Is Arthroscopic Surgery safe?

Updated on March 18, 2020

Arthroscopic surgery is one of the most influential developments in the surgical field in the last several decades. As technology has advanced, it has given our medical professionals a whole new arsenal of methods or techniques to deal with a multitude of issues. The idea of allowing doctors to probe around inside of you may just sound downright dastardly, but this is truly a better way to do surgery than previously available methods. Arthroscopic procedures have been performed for over forty years now and have been proven to have shorter recovery periods, less chance of complication, and are overall less invasive than traditional surgery requiring lesions. They also have some other beneficial attributes not provided by traditional methods such as terrific visibility and far more specific movements than could be done by hand which together minimize the chance of operator error. 

It has Been Around a While

With its very first beginnings as far back as 1912 at the Proceedings of the 41st Congress of the German Society of Surgeons at Berlin where arthroscopies of the knee joint were described or in Japan in the 1920s where a medical professional used very rudimentary precursor technologies to the ones we use today to diagnose issues of the knee joint. We can ascertain from these early ideas (that there are better methods that what has been available) have been a driving factor for the development of arthroscopic techniques. As time has progressed, the advent of improved optical technology, improved robotic capabilities, and advancements in computational analysis have truly allowed arthroscopic technology to find its true form. Thankfully, we are around this day in age where we can benefit from the endeavors of our previous generations. After the multiple generations of development, this technology can be used safely and effectively to deal with issues that previously may not have been viable or fixing issues much more effectively than traditional methods. 


Arthroscopic surgery is done through a very small incision using flexible tools. The arthroscopic probes are robotic arms fitted with fiber optic cables connecting mounted video cameras that enable the user to very accurately find and deal with issues inside the body. The fiber optic cables run from the camera to a relay station (computer/monitor) where the surgeon can view and control the movements of the device.

Repairs can be done for a variety of joint conditions. The specific repairs that can be made to alleviate such conditions may include the removal of loose bone fragments, repair of damaged or torn cartilage, reduction of inflamed joint linings, repair of torn ligaments, and repair of scarring within joints. Doing these tasks can greatly alleviate pain, increase stability and eventually even increase mobility. This technique has been so successful for joint surgery that the traditional method that utilized large incisions and resulted in extremely long recovery times for the most part has been done away with.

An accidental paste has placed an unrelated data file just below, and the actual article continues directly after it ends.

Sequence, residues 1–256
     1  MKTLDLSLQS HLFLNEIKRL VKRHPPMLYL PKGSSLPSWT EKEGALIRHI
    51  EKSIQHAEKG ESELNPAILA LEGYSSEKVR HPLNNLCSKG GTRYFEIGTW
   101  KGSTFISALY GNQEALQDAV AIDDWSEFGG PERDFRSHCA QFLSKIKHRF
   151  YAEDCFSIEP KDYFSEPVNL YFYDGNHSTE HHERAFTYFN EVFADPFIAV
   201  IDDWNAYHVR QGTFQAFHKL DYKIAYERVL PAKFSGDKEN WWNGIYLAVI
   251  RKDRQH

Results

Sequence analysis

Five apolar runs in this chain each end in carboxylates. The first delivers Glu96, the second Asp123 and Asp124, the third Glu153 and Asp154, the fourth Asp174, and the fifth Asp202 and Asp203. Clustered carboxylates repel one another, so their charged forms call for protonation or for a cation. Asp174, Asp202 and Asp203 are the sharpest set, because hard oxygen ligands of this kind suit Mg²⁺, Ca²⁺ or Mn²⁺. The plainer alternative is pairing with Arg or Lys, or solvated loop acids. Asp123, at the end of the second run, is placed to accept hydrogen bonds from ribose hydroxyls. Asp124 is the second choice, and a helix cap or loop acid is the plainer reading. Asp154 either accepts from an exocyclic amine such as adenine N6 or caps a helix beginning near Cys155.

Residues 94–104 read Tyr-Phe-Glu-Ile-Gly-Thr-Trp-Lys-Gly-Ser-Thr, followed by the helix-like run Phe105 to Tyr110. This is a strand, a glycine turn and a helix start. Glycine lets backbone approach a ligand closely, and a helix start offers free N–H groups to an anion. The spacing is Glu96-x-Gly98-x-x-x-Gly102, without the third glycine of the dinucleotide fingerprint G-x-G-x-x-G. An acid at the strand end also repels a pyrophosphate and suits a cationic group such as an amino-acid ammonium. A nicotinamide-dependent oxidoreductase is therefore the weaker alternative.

Arthroscopy is also commonly used for diagnosing joint damage that cannot be accessed using X ray or MRI scans. This may be due to a difficult location or an obstruction making imaging difficult, however arthroscopic techniques can accurately view and diagnose issues that even scans cannot. Having the ability to, with full certainty, diagnose issues of the joint is very reassuring. In previous eras, if the issue could not be determined it was likely that the issue could not be fixed. Nowadays, there are few joint issues that cannot be, at the very least, improved. 

Decisions Decisions

If you are reading this, you might be interested in some helpful information on making important decisions regarding arthroscopic medical procedures. Obviously, if you have an important decision like this, you will be taking all parameters into account and consulting with a medical professional. Ignoring the possibility of medical bills and other specifics you may have, there are always a few important pillars to take into account. 

Generally speaking, it is always very important to do all possible alternatives to surgery before committing to surgery. This is for a few reasons. The body’s ability to heal itself against even poor odds can be astounding. As Dr. Peter Howard, a Florida orthopedic shoulder surgeon, recommends, your priority should be to assist the powerful natural healing processes of our own bodies before permanently altering anything. Surgery inherently has an element of risk, however small, and therefore requires thoughtful attention before a decision can be made. However the risks during arthroscopic surgery are minimized to the furthest degree compared to traditional practices. 

In cases where the issues cannot be ascertained through scans or the issue requires arthroscopic techniques for diagnosis, the decision is a bit more straightforward. As it is likely that attempts at treatment from the exterior will not be effective without a proper diagnosis, arthroscopic procedures become the necessary option. It is also possible that the diagnosis indicates that if surgery is not performed there will be deteriorative effects on the body. If these scenarios happen to be the case, then arthroscopic surgery is an appropriate option without exhausting all non-surgical methods of treatment.  

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